The Columbus Dispatch reports that Ohio is on its way to spending its $560 million allocation of federal emergency rental assistance (ERA). Ohio has been slow to distribute ERA: after transferring $100 million in ERA to local governments, the state has yet to distribute about 66% of its funds. Ohio recently transferred an additional $40 million in ERA funds to local governments, including $20 million to Columbus and Franklin County and at least $15 million to Cincinnati and Hamilton County. Eviction filings in Ohio are rising, with filings currently about 88% of pre-pandemic levels, and unsheltered homelessness appears to be increasing in many areas across the state.


Renter protections tied to Oregon’s COVID-19 emergency rental assistance program expired on September 30. Under the protections, Oregon tenants who had applied for emergency rental assistance had “safe harbor” protection from eviction for nonpayment of rent. Now, landlords can resume the use of 72-hour eviction notices for nonpayment of rent and evict tenants for back rent that tenants did not pay during the pandemic.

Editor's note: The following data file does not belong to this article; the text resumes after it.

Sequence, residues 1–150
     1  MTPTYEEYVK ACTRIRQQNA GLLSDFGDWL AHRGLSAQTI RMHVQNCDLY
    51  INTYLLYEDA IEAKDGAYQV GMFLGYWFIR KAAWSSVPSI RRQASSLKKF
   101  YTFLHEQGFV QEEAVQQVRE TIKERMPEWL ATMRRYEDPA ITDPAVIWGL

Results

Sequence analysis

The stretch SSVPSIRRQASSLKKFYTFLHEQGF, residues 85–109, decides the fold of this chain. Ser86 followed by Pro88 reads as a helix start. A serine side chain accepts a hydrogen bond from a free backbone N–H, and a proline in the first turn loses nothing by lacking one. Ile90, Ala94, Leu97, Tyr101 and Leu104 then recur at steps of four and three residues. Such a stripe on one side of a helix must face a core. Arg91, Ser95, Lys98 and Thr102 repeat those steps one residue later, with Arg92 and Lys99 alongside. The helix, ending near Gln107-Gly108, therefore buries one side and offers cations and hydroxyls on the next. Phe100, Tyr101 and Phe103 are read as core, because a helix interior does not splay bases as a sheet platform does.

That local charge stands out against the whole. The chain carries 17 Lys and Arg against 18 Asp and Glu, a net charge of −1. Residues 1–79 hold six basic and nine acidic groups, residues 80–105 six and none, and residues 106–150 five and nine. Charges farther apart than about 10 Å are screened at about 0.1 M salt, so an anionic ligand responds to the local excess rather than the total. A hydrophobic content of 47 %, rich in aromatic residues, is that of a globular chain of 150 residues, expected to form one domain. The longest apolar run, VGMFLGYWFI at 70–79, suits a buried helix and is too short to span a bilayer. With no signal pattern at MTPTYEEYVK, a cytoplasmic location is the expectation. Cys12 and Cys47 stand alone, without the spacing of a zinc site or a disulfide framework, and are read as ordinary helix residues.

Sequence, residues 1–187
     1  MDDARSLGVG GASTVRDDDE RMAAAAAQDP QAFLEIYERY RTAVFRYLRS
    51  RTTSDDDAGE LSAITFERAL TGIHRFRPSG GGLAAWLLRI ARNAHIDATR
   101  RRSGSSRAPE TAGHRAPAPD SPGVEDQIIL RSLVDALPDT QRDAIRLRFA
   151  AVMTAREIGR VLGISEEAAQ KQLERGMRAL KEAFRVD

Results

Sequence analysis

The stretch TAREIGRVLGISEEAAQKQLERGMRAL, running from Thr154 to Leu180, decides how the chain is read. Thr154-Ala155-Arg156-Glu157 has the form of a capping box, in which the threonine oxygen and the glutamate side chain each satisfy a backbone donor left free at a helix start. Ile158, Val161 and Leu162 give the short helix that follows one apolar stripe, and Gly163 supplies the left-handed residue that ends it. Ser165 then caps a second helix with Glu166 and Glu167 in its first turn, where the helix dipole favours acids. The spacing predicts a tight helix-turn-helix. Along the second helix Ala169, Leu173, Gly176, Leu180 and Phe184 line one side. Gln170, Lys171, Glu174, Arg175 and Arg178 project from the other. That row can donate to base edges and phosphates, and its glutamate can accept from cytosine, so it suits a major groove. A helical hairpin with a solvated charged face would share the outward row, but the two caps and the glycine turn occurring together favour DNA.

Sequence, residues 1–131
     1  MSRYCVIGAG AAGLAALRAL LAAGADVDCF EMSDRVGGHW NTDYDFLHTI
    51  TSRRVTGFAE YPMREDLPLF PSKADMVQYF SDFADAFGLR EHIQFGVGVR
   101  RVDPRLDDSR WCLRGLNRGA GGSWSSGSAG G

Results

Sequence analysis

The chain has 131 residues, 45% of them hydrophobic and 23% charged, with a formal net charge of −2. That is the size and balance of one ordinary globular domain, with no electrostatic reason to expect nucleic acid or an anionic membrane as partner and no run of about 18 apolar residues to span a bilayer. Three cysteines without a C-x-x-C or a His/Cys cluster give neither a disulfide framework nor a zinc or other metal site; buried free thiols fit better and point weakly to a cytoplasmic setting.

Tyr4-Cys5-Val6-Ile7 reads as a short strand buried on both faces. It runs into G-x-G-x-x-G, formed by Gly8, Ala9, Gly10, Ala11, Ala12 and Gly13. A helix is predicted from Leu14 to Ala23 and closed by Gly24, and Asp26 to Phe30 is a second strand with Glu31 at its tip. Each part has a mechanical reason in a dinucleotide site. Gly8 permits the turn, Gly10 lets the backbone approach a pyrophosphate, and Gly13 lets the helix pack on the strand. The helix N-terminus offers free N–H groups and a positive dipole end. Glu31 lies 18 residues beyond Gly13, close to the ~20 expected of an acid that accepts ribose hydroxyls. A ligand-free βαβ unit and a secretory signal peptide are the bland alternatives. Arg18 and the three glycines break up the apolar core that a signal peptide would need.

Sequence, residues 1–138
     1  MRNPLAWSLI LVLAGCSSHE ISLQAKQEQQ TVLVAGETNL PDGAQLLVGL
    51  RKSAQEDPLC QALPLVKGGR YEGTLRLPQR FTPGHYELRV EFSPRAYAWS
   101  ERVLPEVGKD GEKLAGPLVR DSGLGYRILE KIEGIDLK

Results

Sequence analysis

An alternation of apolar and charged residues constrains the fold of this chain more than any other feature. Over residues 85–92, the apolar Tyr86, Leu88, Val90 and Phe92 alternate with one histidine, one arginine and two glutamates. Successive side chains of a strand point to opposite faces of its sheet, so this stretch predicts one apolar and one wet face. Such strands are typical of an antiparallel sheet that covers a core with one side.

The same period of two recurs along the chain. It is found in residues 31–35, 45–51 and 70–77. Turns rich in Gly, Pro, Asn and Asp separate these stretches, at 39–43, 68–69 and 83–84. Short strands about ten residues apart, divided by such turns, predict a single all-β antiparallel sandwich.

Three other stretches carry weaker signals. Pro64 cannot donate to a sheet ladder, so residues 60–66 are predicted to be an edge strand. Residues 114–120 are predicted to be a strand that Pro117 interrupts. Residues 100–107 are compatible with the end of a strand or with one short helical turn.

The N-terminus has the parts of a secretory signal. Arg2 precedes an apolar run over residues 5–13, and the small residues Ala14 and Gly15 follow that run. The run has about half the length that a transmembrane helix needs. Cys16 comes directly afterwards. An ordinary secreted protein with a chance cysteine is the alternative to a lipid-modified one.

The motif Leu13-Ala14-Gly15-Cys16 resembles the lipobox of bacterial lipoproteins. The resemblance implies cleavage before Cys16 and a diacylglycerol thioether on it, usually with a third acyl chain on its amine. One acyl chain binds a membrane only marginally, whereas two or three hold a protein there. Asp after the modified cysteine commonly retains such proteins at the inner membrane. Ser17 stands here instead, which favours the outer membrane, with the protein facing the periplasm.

According to the Philadelphia Inquirer, the Philadelphia City Council is considering extending the Eviction Diversion Program through the first half of 2024. The program launched in September 2020 and was extended through 2022 in December 2020. The city council and Mayor Jim Kenney’s administration allocated $45 million in rental assistance for the continuation of the program in the current and next fiscal years. Eighty percent of the more than 2,000 participating landlords and tenants no longer in mediation from September 2020 through the first week of January 2022 reached an agreement.